Sam Durant’s ‘End White Supremacy’ Illuminates Outside Paula Cooper Gallery

The words are still frightfully relevant today.

© Sam Durant. Courtesy Paula Cooper Gallery, New York Photo: EPW Studio

Though the slogan originates from a sign used in a 1963 protest, the words “End White Supremacy” still ring painfully true today. Artist Sam Durant has taken note.

Drawn from his Electric Signs series of lightboxes, Durant’s 2008 work End White Supremacy is an eight-by-eleven foot red glowing lightbox that is now displayed above the entrance to New York’s Paula Cooper Gallery.

Durant’s work often uses lightboxes that employ the language of protests, particularly slogans from the Civil Rights Movement and Black Panthers protests. For each work, he scours archival images from demonstrations and selects slogans from banners found in the various photographs. He then scans the photos with the signs, crops and enlarges the text, and creates the final product.

As described on the artist’s website, “The photo should contain an image of a hand made sign and the text or message on the sign should be general in nature. The message should not refer to any specific event, cause, person or time.” As such, the words Durant selects for his lightboxes are essentially timeless, and in this case, sadly applicable in a contemporary context.

Sam Durant, End White Supremacy (2008) © Sam Durant. Courtesy Paula Cooper Gallery, New York

Sam Durant, End White Supremacy (2008) ©Sam Durant. Courtesy Paula Cooper Gallery, New York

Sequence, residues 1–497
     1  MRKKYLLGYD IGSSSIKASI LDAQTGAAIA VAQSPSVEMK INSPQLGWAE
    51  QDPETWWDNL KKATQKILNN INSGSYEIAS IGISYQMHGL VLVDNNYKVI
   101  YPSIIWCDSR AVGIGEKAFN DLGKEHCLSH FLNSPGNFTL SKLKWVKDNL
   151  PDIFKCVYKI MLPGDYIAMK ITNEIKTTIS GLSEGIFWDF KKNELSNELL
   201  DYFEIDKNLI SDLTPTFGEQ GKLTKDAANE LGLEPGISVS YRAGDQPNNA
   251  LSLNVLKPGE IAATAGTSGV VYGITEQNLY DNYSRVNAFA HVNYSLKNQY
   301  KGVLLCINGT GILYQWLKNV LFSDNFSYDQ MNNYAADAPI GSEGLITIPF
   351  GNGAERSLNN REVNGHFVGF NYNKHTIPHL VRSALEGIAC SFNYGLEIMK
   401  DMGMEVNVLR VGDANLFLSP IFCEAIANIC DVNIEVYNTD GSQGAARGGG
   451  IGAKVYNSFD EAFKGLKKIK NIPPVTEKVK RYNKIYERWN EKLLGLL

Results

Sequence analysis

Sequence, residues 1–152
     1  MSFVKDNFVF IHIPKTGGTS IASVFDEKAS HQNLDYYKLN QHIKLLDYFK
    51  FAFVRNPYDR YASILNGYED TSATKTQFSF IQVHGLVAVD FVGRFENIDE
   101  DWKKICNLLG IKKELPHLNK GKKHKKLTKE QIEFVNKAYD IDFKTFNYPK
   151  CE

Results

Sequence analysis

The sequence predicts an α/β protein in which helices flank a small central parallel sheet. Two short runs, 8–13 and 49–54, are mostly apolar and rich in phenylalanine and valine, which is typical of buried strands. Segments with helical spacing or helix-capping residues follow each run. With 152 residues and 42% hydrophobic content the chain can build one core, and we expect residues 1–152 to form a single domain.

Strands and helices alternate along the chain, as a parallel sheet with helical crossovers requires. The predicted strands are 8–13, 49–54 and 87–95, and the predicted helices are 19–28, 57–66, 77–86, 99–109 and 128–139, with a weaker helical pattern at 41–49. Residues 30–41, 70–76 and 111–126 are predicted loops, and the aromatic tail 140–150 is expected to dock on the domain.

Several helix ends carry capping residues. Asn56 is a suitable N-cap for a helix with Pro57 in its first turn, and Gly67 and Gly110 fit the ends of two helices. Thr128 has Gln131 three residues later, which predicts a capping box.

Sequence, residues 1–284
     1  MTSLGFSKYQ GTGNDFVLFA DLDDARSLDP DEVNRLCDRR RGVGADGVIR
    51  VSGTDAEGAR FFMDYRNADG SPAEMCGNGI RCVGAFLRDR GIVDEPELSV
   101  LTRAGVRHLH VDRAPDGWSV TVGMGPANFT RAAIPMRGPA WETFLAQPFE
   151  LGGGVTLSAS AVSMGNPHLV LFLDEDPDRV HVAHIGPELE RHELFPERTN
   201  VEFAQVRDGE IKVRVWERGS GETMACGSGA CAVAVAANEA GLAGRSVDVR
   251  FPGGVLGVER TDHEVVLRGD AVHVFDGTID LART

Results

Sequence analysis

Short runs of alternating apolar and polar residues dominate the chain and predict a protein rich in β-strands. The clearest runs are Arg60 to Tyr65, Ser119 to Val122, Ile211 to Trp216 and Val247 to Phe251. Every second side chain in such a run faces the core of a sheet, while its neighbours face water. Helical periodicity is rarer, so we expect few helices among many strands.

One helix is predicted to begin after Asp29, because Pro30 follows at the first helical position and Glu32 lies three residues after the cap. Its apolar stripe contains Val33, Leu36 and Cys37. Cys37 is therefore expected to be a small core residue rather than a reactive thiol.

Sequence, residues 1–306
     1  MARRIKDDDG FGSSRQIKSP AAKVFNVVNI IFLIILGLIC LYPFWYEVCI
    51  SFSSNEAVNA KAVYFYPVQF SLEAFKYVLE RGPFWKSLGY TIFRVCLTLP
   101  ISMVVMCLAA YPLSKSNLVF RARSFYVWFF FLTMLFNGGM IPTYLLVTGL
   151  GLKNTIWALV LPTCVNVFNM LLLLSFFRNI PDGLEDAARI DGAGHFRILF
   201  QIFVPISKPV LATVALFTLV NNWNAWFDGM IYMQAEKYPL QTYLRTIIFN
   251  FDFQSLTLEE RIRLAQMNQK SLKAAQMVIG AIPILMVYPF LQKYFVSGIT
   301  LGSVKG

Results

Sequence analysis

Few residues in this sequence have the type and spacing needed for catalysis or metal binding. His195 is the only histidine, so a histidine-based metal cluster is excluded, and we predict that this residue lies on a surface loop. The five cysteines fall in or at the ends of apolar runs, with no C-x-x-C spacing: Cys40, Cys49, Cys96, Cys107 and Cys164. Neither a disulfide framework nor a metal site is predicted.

This is not the first time the lightbox has hung on the facade of Paula Cooper’s West Chelsea gallery. In 2008, the same sign was hung during the presidential campaign that eventually led to President Obama’s election as the first black president in US history, after which the sign was then taken down.

Following President-elect Trump’s victory in November, gallery director Steve Henry asked Durant for permission to reinstall the lightbox. “I said yes,” Durant recounted to Hyperallergic. “In the words of the immortal Eduardo Galeano, ‘History never ends, I hate to remind you.’”

At the moment, there is no scheduled end date for the installation, emphasizing the pervasive sense of uncertainty following the controversial election.

“We should, as spaces available and open to the public, do whatever we can to resist and overcome whatever abominations are about to confront us,” gallery owner Paula Cooper told Hyperallergic. “How we best do that is the question.”

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